The recent heavy rainfalls and resulting heavy mosquitoes are the topic du jour around here. The buggers are making up for the lost time of a dry spring and attacking with indiscriminate abandon. When their densities can be described as “cloudlike” it adds a degree of difficulty to the farm operation, but it also keeps things focused. It eliminates meandering and stimulates efficiency. The mosquitoes are the price we pay for having all the water – no irrigation or rain dances necessary – and none of the strip malls. But that’s not always easy to remember, not when you are sweating it out in a hoodie in July, milking with one hand, swatting pests with the other.
I spent a lonely 4th of July weekend on the farm. Alison and the kids are off at a faraway family reunion and I stayed back to keep eyes on our Guernsey heifer, due any day now with her first calf. I make it a point to check her every few hours even if I don’t have much of an idea of what I’m looking for. I assume the process to be similar to delivering goats or lambs which we have done several times now. It actually has a similar feeling to waiting out a newborn baby. There is checking, hoping, and prepping. Wondering. A twinge of anxiety too, that same familiar feeling, albeit much less powerful – maybe 4% worth – welling up in the gut. You want everything to go okay, your loved ones to be safe.
While so far it has proven challenging to feed our whole lot of 11 from this plot, I am finding that caring for one person is actually fairly easy. Ten days out and I still haven’t had a need to run to the grocery. Not with the farm producing more eggs, garden greens, milk, and meat than I could possibly eat. I will run out of dog food long before I run out things to feed myself. Yes, they are basic eats, but delicious and beyond fresh. Most mornings it has been bacon and eggs plus something sautéed from the garden, a zucchini or squash. Lunch has been a quick Clif bar or leftovers. Dinner is a salad made from garden greens and a piece of pork cutlet or ribeye steak. The young, tender lettuce melts in your mouth every bit as much as the beef does. My big cheat so far was swinging through town on Friday night to pick up a carne asada burrito.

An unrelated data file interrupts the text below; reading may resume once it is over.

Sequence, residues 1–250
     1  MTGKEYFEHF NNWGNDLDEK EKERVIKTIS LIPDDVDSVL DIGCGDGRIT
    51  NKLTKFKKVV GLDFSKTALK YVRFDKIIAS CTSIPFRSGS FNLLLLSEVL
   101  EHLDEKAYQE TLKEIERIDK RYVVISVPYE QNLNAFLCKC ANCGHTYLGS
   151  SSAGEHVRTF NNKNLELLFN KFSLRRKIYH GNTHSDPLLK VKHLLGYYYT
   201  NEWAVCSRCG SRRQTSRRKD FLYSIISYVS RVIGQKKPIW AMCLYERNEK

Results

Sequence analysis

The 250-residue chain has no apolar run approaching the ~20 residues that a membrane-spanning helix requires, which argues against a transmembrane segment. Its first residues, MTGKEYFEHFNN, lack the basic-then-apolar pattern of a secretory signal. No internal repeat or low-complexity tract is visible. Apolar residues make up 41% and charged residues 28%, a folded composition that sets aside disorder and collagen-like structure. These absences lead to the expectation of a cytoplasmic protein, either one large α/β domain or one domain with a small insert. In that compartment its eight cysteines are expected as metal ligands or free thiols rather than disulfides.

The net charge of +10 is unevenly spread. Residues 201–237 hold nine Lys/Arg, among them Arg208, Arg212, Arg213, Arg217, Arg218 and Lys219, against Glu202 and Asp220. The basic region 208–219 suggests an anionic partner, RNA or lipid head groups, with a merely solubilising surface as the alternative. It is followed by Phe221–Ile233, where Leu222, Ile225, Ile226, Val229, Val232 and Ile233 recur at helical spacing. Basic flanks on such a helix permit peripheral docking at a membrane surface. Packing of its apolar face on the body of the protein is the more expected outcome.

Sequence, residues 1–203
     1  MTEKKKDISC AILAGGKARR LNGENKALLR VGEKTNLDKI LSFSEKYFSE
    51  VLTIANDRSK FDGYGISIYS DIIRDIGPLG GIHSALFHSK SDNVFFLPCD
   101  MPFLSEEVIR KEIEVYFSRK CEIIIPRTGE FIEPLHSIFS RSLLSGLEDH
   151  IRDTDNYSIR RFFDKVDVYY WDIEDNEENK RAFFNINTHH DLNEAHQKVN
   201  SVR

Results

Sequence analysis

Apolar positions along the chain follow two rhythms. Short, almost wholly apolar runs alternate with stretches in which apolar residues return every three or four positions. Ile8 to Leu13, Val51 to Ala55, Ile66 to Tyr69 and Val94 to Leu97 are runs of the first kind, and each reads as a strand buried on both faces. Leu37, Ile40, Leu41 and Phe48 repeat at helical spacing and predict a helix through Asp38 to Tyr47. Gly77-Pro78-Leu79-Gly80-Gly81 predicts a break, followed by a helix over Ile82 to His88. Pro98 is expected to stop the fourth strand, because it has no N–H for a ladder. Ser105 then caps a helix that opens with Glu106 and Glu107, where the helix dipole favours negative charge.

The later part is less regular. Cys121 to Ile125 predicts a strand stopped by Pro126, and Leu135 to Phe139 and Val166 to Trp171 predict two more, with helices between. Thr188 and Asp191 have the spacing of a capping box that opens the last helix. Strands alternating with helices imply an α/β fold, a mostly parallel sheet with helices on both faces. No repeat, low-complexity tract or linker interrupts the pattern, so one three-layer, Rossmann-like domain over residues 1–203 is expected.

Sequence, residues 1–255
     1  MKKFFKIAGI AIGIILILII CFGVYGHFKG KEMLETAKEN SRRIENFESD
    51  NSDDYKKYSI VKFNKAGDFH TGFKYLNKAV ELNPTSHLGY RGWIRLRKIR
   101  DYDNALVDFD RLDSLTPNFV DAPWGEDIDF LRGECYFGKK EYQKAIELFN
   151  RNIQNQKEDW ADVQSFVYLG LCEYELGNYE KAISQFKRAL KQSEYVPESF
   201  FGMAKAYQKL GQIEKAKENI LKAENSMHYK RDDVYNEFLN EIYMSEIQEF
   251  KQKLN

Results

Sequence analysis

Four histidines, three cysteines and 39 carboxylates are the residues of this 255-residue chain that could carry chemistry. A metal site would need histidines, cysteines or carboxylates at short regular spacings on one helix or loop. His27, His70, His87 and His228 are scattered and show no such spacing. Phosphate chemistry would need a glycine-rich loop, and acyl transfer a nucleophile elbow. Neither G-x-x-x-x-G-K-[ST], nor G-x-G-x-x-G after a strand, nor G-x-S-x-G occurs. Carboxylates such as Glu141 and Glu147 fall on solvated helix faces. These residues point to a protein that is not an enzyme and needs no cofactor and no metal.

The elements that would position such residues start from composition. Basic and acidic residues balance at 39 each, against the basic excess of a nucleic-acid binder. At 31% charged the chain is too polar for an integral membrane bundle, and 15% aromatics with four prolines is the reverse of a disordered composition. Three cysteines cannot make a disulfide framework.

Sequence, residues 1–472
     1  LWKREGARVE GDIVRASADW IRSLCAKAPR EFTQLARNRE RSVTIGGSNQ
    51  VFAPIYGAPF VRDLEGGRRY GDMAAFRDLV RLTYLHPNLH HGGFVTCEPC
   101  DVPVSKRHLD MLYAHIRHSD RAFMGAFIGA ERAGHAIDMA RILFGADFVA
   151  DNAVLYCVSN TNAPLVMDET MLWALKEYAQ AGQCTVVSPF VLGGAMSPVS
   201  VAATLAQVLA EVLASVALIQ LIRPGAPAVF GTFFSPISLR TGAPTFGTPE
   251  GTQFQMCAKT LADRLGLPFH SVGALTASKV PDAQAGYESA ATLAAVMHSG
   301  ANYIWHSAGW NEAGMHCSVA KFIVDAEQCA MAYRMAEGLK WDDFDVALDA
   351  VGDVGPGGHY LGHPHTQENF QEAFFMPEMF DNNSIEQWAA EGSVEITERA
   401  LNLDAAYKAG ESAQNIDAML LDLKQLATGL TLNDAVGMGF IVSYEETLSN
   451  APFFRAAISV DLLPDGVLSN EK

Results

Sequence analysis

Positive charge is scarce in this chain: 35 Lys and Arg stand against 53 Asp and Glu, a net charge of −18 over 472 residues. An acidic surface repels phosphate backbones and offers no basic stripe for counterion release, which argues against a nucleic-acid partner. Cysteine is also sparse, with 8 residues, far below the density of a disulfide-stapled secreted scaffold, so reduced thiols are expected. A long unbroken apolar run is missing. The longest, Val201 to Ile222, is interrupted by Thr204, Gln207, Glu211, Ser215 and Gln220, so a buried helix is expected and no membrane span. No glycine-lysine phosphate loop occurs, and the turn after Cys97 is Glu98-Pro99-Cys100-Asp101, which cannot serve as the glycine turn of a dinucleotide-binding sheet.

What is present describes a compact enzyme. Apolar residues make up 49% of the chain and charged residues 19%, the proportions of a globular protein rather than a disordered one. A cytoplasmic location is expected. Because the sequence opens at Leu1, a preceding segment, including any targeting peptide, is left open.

The pictures from Alison’s family reunion speak of pure recreation. All the good times you expect and deserve if you are getting a big family together. Swimming, fishing, jet skiing, and cave exploration. Mountain lakes, fireworks, milkshakes, and adrenaline. Cool Ranch Doritos by the pallet. All very honorable stuff, though I admit living here has changed me somewhat. I have become more conscious of the inputs of nearly everything we consume. A burger isn’t a burger anymore. It is the culmination of a lot of work. So too is the milkshake, the wool sweater, the maple syrup on those pancakes. Even the Doritos. Everything we consume comes from somewhere and from somebody. So whenever I emerge someplace in society I walk around gingerly, feeling a little like the guy reluctantly walking in to see the Hollywood production after long being a fan of the book. Somehow the movie never seems to live up to the hype. The book is always better.
The house feels lonely. It’s is literally never this quiet around our place. I lay in bed at night and marvel how anyone could live this way every day voluntarily. I miss my people. Their voices. Their laughter. Their moist, squirming, restless bodies in our bed. The only upside to them being away: fresh towels galore.
I think the house also feels lonely. Like it’s missing out on something. When everyone is home the dust literally never settles, instead it is continuously stirred by the nonstop mixing and movement and tumult inside. But now the house feels dusty, like a film of loneliness has settled over the place. Every time I enter it feels as if I were walking into a recently-deceased grandparent’s home. The septic, laundry, electrical, and plumbing systems can certainly use a little time off. But the house itself – the wood and plaster and brick – is counting the days.
I cut hay late last week knowing I wouldn’t have a crew to help me bring it in. It was a smaller second cutting – more tender, more palatable, more nutritious, more valuable – and I figured I could do it by myself. I almost did. But my Venezuelan neighbor showed up just as I was running out of steam with 50 bales still in the field. His timing was immaculate. We finished up in an hour or so and then headed out for a celebratory ice cream.
On the way we noted the roadways clogged with hay equipment. Trucks and trailers and balers buzzing from field to field, the big wagons fully-loaded, headed down the road to eager and waiting barns. The hayfield is like a football stadium. Stately and dormant most of the year, holding all that latent energy with dignity, until released in a manic flurry of activity those handful of days each year. Cathedrals are like that too.
Luis and I sat outside the store on a rickety bench, across from the mammoth feed mill, ice creams in hand, watching the early evening traffic go by. Burly guys running hay equipment and rusty, dented Dodge Caravans bouncing into the parking lot in search of summer 6-packs. The sun was blood red in a light purple summer sky. Heavenly fireworks. After all the silence the conversation felt good. The sing-song linguistic quality of the Spanish was soothing too. We sat there awhile, looking like “vagabondos” covered in grime and sweat and hay. I carried that good feeling of genuine, proper muscular exhaustion. After about 15 minutes it was time to get back. Duty called. We have a heifer about to calf and I wanted to check on her before dark.